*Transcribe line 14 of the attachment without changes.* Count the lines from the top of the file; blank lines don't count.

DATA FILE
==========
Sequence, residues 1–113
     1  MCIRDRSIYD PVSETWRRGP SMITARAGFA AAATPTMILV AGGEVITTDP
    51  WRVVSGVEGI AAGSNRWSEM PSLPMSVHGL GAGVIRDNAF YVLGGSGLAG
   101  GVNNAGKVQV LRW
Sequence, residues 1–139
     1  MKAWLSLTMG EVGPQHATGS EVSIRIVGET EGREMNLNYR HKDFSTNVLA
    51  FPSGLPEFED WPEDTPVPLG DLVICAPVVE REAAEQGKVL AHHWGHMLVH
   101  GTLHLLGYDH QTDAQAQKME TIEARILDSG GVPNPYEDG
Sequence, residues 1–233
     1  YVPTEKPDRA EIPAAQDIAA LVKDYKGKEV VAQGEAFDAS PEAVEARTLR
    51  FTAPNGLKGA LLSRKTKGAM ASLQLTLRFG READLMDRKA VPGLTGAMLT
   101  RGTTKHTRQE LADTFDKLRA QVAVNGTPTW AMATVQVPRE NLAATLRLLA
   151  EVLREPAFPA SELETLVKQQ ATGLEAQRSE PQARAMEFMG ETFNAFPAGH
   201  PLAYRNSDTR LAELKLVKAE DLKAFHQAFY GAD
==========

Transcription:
   201  PLAYRNSDTR LAELKLVKAE DLKAFHQAFY GAD